We shall first consider whom to invite to attend the sprint review, besides Scrum team (Product Owner, Scrum Master and team). General principle is to invite the people who would be able to give valuable feedback and help make effective inspection and adaptation. It is great if we can invite real customers into sprint review, if not, consider those who are working closely with customers thus have more insights about what to build. It is unlikely that those people are in R&D, unless we are developing products for R&D people. Think of product managers, marketing and sales people, technical support, etc.


Having the right people helps new requirements emerge, and so does the collaboration process. Having the demo from R&D perspective only makes customers and business people bored. Without good facilitation on the conversation, the valuable comments may just be overlooked.


2. R&D's ability to change


I see interesting dynamic between ability to change and the need for change. They are interdependent.

need and ability to change.jpg


When you have good technical ability to change with low cost, you are more open to the need for change. That openness creates more need for change, in turn, you have more motivation to improve your technical ability. That's a virtuous cycle.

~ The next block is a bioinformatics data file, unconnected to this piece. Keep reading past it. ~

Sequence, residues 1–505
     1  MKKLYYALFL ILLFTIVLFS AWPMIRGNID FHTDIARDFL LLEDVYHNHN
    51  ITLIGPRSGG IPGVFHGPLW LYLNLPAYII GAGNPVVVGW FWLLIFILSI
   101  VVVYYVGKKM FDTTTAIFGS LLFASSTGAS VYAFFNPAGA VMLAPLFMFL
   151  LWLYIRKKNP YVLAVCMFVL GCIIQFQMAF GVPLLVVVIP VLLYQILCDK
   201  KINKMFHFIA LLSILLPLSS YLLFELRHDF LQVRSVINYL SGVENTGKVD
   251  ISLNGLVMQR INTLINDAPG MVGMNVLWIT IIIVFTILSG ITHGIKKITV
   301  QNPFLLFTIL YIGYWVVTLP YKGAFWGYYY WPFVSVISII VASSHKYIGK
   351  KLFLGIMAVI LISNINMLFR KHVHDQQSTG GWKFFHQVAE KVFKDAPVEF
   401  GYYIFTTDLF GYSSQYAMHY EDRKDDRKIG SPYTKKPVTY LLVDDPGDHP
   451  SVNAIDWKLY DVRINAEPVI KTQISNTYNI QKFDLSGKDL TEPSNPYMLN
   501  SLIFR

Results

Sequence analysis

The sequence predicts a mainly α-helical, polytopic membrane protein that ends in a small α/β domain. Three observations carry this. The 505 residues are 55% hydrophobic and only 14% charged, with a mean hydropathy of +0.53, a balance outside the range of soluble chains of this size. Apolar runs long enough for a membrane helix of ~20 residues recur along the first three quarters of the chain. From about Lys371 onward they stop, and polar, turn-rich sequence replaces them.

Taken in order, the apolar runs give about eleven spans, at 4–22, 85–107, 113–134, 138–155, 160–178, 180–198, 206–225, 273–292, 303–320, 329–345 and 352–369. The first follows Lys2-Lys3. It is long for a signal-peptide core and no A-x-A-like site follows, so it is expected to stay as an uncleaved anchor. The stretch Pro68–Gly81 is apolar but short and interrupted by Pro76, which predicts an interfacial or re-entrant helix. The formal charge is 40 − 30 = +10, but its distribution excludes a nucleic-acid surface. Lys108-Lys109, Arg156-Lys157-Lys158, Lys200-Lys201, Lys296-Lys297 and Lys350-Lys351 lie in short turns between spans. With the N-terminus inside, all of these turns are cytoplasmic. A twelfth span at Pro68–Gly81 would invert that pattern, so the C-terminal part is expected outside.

On the other hand, when you don't have good technical ability, you explicitly or implicitly discourage the need for change. Then, without strong need, you lack the motivation to improve your technical capability to change with low cost. That's a vicious cycle.


It's not rare to hear comments such as "but, our customers don't need release that often, why do we need the ability to have short releases?" Sounds similar to "but, we don't have emergent requirements, why do we need to inspect and adapt?"?


If you are able to find other motivations (e.g. quality, predictability) to improve your technical ability to change, after your ability improves, you will likely see more emergent requirements.


End note


Fred Brooks said, "The hardest part of software development is figuring out what to build." It's suspicious that we don't have emergent requirements. Try to look at the above areas, your emergent requirements may emerge:-)


About this Archive

This page is an archive of entries from January 2012 listed from newest to oldest.

November 2011 is the previous archive.

May 2012 is the next archive.

Find recent content on the main index or look in the archives to find all content.